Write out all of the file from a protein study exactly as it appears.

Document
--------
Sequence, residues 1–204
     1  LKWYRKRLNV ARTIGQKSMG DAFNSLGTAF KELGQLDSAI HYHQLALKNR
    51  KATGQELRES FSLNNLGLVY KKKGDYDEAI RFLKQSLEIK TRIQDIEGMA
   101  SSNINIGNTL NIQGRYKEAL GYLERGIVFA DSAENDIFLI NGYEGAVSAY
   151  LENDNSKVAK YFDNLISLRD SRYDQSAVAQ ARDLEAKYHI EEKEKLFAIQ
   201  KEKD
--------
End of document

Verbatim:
Sequence, residues 1–204
     1  LKWYRKRLNV ARTIGQKSMG DAFNSLGTAF KELGQLDSAI HYHQLALKNR
    51  KATGQELRES FSLNNLGLVY KKKGDYDEAI RFLKQSLEIK TRIQDIEGMA
   101  SSNINIGNTL NIQGRYKEAL GYLERGIVFA DSAENDIFLI NGYEGAVSAY
   151  LENDNSKVAK YFDNLISLRD SRYDQSAVAQ ARDLEAKYHI EEKEKLFAIQ
   201  KEKD